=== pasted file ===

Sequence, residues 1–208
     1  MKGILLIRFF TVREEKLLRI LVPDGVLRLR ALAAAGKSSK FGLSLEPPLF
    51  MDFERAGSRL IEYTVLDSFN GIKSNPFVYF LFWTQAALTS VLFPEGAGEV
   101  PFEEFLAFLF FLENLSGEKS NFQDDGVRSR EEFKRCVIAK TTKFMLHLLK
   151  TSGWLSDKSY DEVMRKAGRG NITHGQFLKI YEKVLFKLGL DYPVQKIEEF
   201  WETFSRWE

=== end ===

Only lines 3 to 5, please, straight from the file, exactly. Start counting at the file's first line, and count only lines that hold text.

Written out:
    51  MDFERAGSRL IEYTVLDSFN GIKSNPFVYF LFWTQAALTS VLFPEGAGEV
   101  PFEEFLAFLF FLENLSGEKS NFQDDGVRSR EEFKRCVIAK TTKFMLHLLK
   151  TSGWLSDKSY DEVMRKAGRG NITHGQFLKI YEKVLFKLGL DYPVQKIEEF